Monday, February 28, 2011

Building A Mountain Bike: The Origin Story

The arrival of the decision I made to build my own mountain bike came in part from My Cousin, mostly in the aftermath of a recent ride he and I took together at Bluff Point State Park here in Connecticut.

A photograph in the header above shows one of my bikes: a 2009 Dahon Matrix, which is a folding bike with 26" wheels In the header it has a pair of MTB wheels, but the picture below shows it with the thinner ones it came with:


I bought it mostly to get around the Metro North commuter train restrictions which prohibit anyone from bringing bikes onto the train during peak hours (which is most of the useable workday). If you read the regulations, it becomes clear a folding bike is to Metro North what a brown paper bag is to public beer consumption.

The Matrix isn't the smallest folding bike in the world and far from the lightest, but it does its job well. I added the fenders, pedals, and suspension seatpost, and thought I could use it as a mountain bike by swapping out the skinny tires for fatter ones.

This is probably good for about 90% of mountain biking, but not when I'm trying to keep up with My Cousin. He's five years younger than me, and I have vague memories of riding with him all over Mystic when we were kids and he'd say those three little words which always meant the world to me: "Mike! Wait UP!!!"

At some unrecorded moment, he started growing up and became an incredible cyclist. He grew taller than me and stronger. When I'd come to family reunions in Mystic he'd always want me to join him at Bluff Point State Park; he on his full suspension whatever-it-was and me on my zero-suspension Diamondback I had gotten as a high school graduation gift. I'd finish each and every ride in his dust and likely with fewer fillings than I had when the ride started. As the years went on, it got harder and harder to keep up with him. When I brought the Matrix (tricked out with the big tires) to Bluff Point on a recent trip, I only did slightly better, but it was like racing a box truck on a rally circuit. It would do okay on singletrack, but My Cousin favored trails he referred to as "rock gardens" and "technical."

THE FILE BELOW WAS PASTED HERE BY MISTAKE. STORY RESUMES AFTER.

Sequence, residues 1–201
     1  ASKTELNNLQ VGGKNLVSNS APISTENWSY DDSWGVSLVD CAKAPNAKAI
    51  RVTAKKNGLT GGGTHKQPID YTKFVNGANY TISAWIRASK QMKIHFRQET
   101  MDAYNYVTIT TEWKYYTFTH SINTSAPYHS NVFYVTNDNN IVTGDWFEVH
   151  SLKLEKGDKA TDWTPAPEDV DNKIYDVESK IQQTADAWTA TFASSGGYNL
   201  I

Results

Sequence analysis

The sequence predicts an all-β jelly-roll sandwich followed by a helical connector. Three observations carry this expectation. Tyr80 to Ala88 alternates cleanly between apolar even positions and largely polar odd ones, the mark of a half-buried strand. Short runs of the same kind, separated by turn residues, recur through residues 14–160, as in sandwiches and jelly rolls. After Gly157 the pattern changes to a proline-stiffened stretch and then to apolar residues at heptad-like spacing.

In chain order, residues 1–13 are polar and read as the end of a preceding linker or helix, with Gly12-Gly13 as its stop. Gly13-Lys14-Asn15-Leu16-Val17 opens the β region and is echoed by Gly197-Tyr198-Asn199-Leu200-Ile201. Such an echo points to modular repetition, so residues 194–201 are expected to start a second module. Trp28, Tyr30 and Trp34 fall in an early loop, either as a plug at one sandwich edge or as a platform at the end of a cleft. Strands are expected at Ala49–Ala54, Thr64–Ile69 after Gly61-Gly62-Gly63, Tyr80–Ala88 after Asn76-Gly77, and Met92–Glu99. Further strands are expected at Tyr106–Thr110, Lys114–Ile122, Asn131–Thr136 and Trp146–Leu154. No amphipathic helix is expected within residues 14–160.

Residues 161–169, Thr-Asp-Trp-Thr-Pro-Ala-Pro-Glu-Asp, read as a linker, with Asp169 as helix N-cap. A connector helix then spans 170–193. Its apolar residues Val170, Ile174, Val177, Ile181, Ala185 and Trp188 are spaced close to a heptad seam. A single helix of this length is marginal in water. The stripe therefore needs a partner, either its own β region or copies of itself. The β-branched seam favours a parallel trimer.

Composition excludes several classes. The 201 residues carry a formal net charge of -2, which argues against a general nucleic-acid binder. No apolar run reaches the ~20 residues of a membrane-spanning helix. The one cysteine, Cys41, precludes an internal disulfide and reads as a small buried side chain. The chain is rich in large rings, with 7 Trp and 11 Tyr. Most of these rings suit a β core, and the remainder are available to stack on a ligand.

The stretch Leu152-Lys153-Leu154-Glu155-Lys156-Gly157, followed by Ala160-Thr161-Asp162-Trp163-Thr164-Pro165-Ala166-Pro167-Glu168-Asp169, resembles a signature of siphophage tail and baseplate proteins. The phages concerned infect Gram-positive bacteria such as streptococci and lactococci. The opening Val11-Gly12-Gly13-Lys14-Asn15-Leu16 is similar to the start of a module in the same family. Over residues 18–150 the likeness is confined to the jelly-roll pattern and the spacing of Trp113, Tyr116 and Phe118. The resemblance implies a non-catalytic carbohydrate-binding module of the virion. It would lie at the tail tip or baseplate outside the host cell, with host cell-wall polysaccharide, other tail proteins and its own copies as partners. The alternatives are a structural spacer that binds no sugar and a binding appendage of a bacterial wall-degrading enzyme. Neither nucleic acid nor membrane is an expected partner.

When I had uploaded the photo above (after a Bluff Point trip over the summer) I began to fully understand the need for a good mountain bike. I mean, look: there's a cup holder attached to the handlebars. A cup holder. When I'd bring the Dahon to visit my in-laws in New Jersey, the cup holder was useful to bring coffee back from Dunkin' Donuts. But it has no place on the trails of Bluff Point. The Matrix had simply grown too utilitarian for its own good. I was also worried I'd damage the folding mechanism (the hidden hinges Dahon made for the Matrix are just brilliant) so I'd ride it as gingerly as I could, which wasn't easy when riding with My Cousin, who is now far removed from his "Mike! Wait UP!!" stage and just a machine on any trail he and I have ever taken together.

I admit, however, he did say those three little words on a trip to Bluff Point that day. I was just ahead of him on a rather uninteresting section of the trail and he said: "Mike, wait up. I want to see if I can ride over that log back there." I could only look back at him in awe.


Wanting to save the Dahon for its intended purposes (which was still many) and wanting to keep up with My Cousin on rides helped me decide I should build a mountain bike. Up to this point, I had only learned about bikes by tearing them apart, and My Cousin (a very enthusiastic cyclist but far from a snob) assured me I'd enjoy the experience of building a bike from the ground up. He's been right. I have enjoyed the experience of building a bike. I'm positive the outcome of the black frame on my inaugural post won't make me a better cyclist than him, but I'm hoping I'll be able to keep up with him more and crash less when we go on rides together.

But building a mountain bike isn't the easiest thing to do. More on this in another post.

No comments:

Post a Comment